Farnes returned to flying duties in 1945, commanding No. 164 and then No. 63 Squadrons, operating Supermarine Spitfires, between August 1945 and January 1947.  These commands were followed by a series of staff and instructing posts until he retired as an Acting Wing Commander in 1958.



Flt. Lt. Russell R Waughman DFC AFC Ld’H


Russell “Rusty” Waughman volunteered at 17 and trained as aircrew in Canada before returning to upgrade to Lancasters. By November 1943 he was posted to 101 [Special Duties] Squadron. These specialised craft carried radio counter measures [ABC] jamming German night fighter transmissions and were especially vulnerable to counter attack. The squadron had the highest casualty rate in the command. 
On the notorious raid on Nuremberg of 20 March 1944 over 96 aircraft were lost. 101 sent 26 aircraft and lost seven – nearly a quarter of the squadron.


On an earlier raid to Mailly-le-Camp an aircraft blew up under Rusty’s Lancaster and effectively turned his aircraft upside down, making Rusty the first, and perhaps the only, man to barrel roll a Lancaster in combat.


Rusty flew 30 sorties and after his final operation on the eve of D-Day he was told by his CO that his was the first crew to finish a tour for almost six months.

Flt. Lt. Reg Barker


Reg Barker volunteered on his 19th birthday and at the start of the war was sent to the USA to train pilots.


‘When they told me my heart sank, I thought – I’m going to miss the war – I wanted to get back home and fight the Germans’.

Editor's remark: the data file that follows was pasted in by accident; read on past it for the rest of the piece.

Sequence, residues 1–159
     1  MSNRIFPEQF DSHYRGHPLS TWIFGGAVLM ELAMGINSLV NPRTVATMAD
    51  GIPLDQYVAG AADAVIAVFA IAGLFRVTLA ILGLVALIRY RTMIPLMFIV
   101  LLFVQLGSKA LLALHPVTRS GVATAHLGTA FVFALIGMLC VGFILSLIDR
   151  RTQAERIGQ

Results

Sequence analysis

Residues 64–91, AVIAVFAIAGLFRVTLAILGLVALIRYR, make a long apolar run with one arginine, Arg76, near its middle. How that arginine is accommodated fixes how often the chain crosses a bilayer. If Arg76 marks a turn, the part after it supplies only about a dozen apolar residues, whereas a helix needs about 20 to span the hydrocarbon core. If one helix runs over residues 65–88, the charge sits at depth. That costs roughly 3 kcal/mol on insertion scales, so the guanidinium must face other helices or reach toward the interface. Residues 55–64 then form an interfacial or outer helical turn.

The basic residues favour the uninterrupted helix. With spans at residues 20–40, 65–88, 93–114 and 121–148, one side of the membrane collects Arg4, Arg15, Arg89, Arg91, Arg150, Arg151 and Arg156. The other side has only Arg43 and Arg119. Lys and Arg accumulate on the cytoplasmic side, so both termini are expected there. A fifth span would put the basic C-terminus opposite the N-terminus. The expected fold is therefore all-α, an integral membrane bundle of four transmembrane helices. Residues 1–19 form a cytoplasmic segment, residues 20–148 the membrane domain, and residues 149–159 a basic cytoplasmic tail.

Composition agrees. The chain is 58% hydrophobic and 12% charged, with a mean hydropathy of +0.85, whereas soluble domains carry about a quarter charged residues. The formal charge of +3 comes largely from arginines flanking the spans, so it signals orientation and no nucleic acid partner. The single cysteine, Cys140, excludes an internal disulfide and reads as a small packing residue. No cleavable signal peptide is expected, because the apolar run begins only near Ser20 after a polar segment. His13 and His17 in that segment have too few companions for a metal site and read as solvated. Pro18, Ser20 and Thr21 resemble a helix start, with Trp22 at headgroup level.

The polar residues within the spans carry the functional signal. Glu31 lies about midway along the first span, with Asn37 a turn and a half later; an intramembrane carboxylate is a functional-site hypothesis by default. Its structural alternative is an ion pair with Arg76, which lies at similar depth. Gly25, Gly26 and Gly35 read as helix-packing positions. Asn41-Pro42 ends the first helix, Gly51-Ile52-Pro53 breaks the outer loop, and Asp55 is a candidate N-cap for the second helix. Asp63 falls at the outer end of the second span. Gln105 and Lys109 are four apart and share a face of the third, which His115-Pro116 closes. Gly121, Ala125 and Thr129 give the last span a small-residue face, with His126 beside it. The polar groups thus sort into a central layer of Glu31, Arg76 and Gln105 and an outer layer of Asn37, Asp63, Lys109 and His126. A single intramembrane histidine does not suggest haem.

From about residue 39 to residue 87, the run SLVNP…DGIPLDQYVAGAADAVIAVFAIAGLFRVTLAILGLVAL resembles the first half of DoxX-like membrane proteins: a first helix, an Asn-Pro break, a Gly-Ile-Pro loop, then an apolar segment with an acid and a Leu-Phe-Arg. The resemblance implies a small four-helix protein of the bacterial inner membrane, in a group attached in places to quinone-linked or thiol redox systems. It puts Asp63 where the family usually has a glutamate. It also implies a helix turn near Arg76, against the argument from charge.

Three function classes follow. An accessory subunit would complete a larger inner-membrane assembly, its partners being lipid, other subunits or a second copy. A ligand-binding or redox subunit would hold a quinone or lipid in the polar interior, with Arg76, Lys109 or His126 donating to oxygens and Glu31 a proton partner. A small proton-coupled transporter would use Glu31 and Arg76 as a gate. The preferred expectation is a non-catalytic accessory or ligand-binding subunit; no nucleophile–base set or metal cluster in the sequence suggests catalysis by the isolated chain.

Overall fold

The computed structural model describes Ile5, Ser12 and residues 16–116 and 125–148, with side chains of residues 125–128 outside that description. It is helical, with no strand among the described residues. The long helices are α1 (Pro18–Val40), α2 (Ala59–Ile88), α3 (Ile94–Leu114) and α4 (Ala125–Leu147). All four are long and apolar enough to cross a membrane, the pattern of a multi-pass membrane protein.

Eventually Reg returned to fly Lancasters with 635 Pathfinder Squadron. He had completed 21 sorties when, on the night of 26 August 26 1944, his aircraft was hit and he found himself pinned against the cockpit roof as his aircraft plunged earthward, engines racing, at 1000 feet per second. He regained consciousness to see his blazing aircraft coming down beside him and just in time to pull his ripcord.  Amazingly five of his seven crew survived. Of the 16 Lancasters dispatched by 635 Squadron that night, three were shot down with a loss of 21 crew, 12 were killed and nine became POWs.


After the war the Irwin Parachute Company presented Reg with a golden caterpillar he wears it to this day, ‘with gratitude and humility’.

Air Commodore C. Clarke OBE


Charles joined the RAF straight out of school as a 17-year-old and went to 619 Squadron, at Woodhall Spa, Lincs, flying Lancasters. He flew 19 trips as a bomb aimer, six to Berlin.


‘The losses were so high. The night I was shot down, 40 other aircraft were also shot down. That is roughly 300 men. I had never thought it would happen to me. You are young and just don’t think that way. On my last operation, in February 1944, we were hit by a fighter. It all happened so quickly. Suddenly, the aircraft was on fire and the wing was dropping off. Along with three others I parachuted out. The three others were killed. There was deep snow where I landed and I didn’t think I would get out. Eventually, I was picked up by the Germans and ended up at the notorious Stalag Luft III of “Great Escape” fame.’


Among his many post war appointments Charles has been President and Chairman of the RAF Ex-Prisoner of War Association and was Chairman of the Bomber Command Association which succeeded in delivering a memorial to Bomber Command in London’s Green Park in 2012.


Air Vice-Marshal Eric H Macey OBE